Tuesday, January 7, 2020

Winter Cycling Tips in 2020, Part 1: Heat and Moisture

January 1, 2020 on the Illinois Prairie Path, Batavia Spur
post by John Burnham

The following is two part re-hash of an article on winter cycling first posted in 2017.

Having experienced snow on Halloween followed by the second warmest Christmas Day in Chicago (since the beginning of record keeping in 1871) we have started settling into more winter-like weather; still, it's a little on the warm side for the month of January. At least today (as of this writing) there is a trace snow on the ground so it looks like winter.

It's overcast with the temperature hovering around the freezing point- not exactly pleasant weather for doing anything outside, let alone riding a bicycle. Or is it? There may be a few perfectly legitimate reasons for not riding, but cold and inclement weather should not deter you if you really want to get out on your bicycle (or snowshoes, or cross-country skis, etc.). Here is a basic guide, distilled from multiple sources and personal experience, for riding in not-so-perfect conditions.

TL;DR (Too Long; Didn't Read)

        1. DO NOT wear cotton next to your skin. Just avoid it altogether.
        2. Layer your clothing!
          ⇨ Synthetic (polyester) or Merino wool base layer next to the skin
          ⇨ Insulating middle layer
          ⇨ Windproof outer layer
          ⇨ Add or remove middle/outer layers as needed
        3. Avoid cotton
        4. Keeping your torso warmer will help keep your extremities warm.
        5. Cotton? Just Say NO.

Heat and Moisture Management!

"There's no such thing as bad weather, only unsuitable clothing." - Alfred Wainright, A Coast to Coast Walk

Probably the most important aspect of winter riding, or any activity outside, is clothing. You need to protect your body from the cold, but increased physical activity generates additional heat (and sweat!). Your main goal is to keep heat close to your body and moisture far from it. Your body sweats in order to keep you from overheating; when perspiration evaporates, skin surface temperature drops through evaporative cooling. However, keeping that moisture close to your skin when the temperature outside drops can cool you faster than your body can keep you warm, leading to discomfort (think of entering an air-conditioned building in a sweat-soaked shirt) and possibly hypothermia.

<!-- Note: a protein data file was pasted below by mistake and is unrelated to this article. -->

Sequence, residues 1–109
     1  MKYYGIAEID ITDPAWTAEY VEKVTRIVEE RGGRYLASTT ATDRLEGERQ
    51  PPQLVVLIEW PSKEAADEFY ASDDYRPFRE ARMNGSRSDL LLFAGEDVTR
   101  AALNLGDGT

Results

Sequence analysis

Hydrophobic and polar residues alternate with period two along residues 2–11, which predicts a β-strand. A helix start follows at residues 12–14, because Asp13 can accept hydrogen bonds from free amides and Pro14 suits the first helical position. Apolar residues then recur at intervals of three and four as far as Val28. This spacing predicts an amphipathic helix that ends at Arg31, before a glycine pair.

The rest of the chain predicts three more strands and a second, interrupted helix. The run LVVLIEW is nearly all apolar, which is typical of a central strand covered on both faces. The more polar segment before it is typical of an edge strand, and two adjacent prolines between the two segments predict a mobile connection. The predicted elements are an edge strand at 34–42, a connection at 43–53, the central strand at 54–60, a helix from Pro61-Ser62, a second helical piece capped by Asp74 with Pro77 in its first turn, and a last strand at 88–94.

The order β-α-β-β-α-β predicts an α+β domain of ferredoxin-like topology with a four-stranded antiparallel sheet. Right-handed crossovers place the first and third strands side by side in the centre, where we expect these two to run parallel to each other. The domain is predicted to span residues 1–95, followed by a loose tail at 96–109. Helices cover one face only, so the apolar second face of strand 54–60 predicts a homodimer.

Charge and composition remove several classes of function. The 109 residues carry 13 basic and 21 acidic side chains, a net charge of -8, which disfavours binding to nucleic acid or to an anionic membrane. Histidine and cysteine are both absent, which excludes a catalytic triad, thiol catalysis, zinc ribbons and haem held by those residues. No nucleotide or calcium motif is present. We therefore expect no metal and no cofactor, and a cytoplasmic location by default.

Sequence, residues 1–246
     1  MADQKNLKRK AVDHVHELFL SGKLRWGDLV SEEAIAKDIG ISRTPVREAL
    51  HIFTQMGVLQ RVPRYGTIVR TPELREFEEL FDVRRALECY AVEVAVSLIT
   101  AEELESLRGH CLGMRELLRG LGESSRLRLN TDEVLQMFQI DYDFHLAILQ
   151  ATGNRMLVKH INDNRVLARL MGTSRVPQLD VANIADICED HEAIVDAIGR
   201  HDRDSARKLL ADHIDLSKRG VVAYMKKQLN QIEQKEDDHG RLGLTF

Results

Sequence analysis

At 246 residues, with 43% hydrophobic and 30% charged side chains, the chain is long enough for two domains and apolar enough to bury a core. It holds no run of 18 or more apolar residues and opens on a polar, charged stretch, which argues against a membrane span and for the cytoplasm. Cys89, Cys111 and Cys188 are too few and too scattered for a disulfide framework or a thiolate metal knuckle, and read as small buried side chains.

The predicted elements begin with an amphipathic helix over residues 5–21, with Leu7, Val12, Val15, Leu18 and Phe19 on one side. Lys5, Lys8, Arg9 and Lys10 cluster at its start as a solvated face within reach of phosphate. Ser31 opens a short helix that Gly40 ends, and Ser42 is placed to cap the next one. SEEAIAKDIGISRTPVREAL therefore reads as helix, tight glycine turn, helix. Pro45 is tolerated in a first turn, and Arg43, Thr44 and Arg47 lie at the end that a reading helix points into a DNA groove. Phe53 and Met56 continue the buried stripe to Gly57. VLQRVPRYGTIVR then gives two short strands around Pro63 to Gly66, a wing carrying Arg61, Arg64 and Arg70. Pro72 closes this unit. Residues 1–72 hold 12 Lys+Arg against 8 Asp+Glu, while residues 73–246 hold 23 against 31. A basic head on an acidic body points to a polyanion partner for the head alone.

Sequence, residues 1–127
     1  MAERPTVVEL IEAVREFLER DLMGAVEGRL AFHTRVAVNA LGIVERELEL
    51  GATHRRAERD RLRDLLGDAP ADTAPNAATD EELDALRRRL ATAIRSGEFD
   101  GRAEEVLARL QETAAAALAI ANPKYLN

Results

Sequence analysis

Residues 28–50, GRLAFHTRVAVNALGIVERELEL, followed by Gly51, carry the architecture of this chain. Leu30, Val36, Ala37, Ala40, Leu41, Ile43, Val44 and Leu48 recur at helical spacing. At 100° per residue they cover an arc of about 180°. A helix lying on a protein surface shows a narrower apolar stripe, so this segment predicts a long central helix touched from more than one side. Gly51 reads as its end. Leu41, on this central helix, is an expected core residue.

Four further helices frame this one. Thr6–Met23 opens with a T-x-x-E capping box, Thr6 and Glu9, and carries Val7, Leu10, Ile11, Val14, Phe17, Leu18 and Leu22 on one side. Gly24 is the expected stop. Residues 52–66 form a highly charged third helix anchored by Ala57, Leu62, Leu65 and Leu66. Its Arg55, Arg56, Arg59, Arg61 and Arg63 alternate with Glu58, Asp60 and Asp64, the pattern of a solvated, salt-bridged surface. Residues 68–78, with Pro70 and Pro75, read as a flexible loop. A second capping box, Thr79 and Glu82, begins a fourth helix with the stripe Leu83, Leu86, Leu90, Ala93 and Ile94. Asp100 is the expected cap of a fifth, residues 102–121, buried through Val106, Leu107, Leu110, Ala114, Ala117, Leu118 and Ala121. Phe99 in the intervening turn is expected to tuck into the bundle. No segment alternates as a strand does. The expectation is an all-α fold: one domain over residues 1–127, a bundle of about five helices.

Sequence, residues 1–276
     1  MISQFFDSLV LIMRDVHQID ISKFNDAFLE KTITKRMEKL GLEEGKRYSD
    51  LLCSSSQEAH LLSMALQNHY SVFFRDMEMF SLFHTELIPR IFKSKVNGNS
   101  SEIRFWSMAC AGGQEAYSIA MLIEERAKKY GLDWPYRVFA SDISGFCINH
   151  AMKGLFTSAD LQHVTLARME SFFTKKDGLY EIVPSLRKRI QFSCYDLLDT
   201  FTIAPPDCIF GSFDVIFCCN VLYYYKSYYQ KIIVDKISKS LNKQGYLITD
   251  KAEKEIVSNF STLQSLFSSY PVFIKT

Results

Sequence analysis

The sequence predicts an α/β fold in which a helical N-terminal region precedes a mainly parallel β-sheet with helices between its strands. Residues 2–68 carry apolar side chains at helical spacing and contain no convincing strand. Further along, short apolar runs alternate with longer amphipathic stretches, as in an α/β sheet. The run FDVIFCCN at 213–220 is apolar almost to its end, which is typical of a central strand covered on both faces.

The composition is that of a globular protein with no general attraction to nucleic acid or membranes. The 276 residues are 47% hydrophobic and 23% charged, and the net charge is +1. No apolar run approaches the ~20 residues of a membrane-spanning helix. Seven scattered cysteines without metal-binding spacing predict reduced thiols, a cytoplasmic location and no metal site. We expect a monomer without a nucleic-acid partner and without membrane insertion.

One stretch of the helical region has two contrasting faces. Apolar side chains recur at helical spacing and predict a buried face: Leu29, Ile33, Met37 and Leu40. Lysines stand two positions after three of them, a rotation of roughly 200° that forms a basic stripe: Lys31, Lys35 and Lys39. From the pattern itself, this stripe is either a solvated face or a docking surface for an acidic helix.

You can manage all this by strategically layering your clothing. Layers create pockets of empty space that act as thermal barriers (. You can adjust the level of insulation by adding or removing layers as your activity changes in intensity. Wear only one heavy layer and you risk overheating. Wear only one light layer and you risk freezing.

The materials used in each layer are important for managing heat and moisture generated by your activity. Remember, the goal is retain warmth and move moisture away.

BASE LAYER   The first layer, right next to your skin, should be a wicking material such as polyester ($), nylon ($), or merino wool ($$$). These materials wick moisture away from the skin and do not retain it, unlike cotton (here's why). Other synthetic materials such as rayon, viscose, tencel, lyocell, bamboo and silk are more like cotton; they can retain water and will lose most of their insulating properties when wet.

The most important base layer is your top- protect the core (more on that in Part 2)! A base bottom layer may be necessary, depending on the temperature and your tolerance for cold down there. My legs generally need less insulation than my upper body, so I save my merino wool bottoms for really cold conditions (below 20°F).

MIDDLE LAYER   The next layer is for insulating. This can be a sweater or jacket made of synthetic fleece or standard wool, both of which are very good at trapping air while retaining very little moisture. Middle layers can be shed or added, depending on the temperature and/or activity level (how you carry around layers you are not wearing is a topic for another time).

OUTER LAYER   The outer layer at its most basic is a shell for blocking wind and precipitation. Better shells will have "breathable" properties that allow water vapor to pass out while keeping rain from getting in (think: GORE-TEX® and similar materials). Some jackets include zippered vents under the arms and in the torso that can be opened as needed to further expel moisture and manage heat.

Windproof tights complete the ensemble, but if tights aren't your thing, wear some kind of windproof/water-resistant pant. Again, and I can't stress this enough, AVOID COTTON FABRIC. Shell pants over a wicking/insulating base layer are a good call when the temperatures get really low.

In Part 2, I will go over hands, feet, head, and bicycle.

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